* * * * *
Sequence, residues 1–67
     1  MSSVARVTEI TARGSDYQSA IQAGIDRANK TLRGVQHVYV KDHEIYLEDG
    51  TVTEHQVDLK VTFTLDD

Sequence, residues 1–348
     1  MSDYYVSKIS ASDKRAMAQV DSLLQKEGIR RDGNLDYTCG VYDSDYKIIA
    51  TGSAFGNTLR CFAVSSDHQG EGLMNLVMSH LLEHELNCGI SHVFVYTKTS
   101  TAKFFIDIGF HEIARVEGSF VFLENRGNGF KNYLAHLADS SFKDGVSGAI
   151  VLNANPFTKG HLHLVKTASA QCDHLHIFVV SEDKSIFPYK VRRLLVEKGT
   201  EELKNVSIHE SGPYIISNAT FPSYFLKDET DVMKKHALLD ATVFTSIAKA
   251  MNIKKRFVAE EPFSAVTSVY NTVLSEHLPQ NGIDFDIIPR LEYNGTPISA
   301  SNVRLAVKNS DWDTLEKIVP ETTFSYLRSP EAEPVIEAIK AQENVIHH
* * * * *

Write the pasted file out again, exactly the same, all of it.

Sequence, residues 1–67
     1  MSSVARVTEI TARGSDYQSA IQAGIDRANK TLRGVQHVYV KDHEIYLEDG
    51  TVTEHQVDLK VTFTLDD

Sequence, residues 1–348
     1  MSDYYVSKIS ASDKRAMAQV DSLLQKEGIR RDGNLDYTCG VYDSDYKIIA
    51  TGSAFGNTLR CFAVSSDHQG EGLMNLVMSH LLEHELNCGI SHVFVYTKTS
   101  TAKFFIDIGF HEIARVEGSF VFLENRGNGF KNYLAHLADS SFKDGVSGAI
   151  VLNANPFTKG HLHLVKTASA QCDHLHIFVV SEDKSIFPYK VRRLLVEKGT
   201  EELKNVSIHE SGPYIISNAT FPSYFLKDET DVMKKHALLD ATVFTSIAKA
   251  MNIKKRFVAE EPFSAVTSVY NTVLSEHLPQ NGIDFDIIPR LEYNGTPISA
   301  SNVRLAVKNS DWDTLEKIVP ETTFSYLRSP EAEPVIEAIK AQENVIHH